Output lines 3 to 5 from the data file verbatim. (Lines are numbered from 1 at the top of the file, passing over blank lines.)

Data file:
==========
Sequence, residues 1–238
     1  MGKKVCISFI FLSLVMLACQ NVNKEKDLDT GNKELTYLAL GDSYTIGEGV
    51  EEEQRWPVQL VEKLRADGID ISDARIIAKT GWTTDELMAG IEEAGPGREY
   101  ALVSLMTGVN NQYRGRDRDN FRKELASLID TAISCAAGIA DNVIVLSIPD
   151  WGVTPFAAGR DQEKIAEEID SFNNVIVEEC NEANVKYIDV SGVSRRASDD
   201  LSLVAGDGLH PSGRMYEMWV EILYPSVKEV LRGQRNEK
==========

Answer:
    51  EEEQRWPVQL VEKLRADGID ISDARIIAKT GWTTDELMAG IEEAGPGREY
   101  ALVSLMTGVN NQYRGRDRDN FRKELASLID TAISCAAGIA DNVIVLSIPD
   151  WGVTPFAAGR DQEKIAEEID SFNNVIVEEC NEANVKYIDV SGVSRRASDD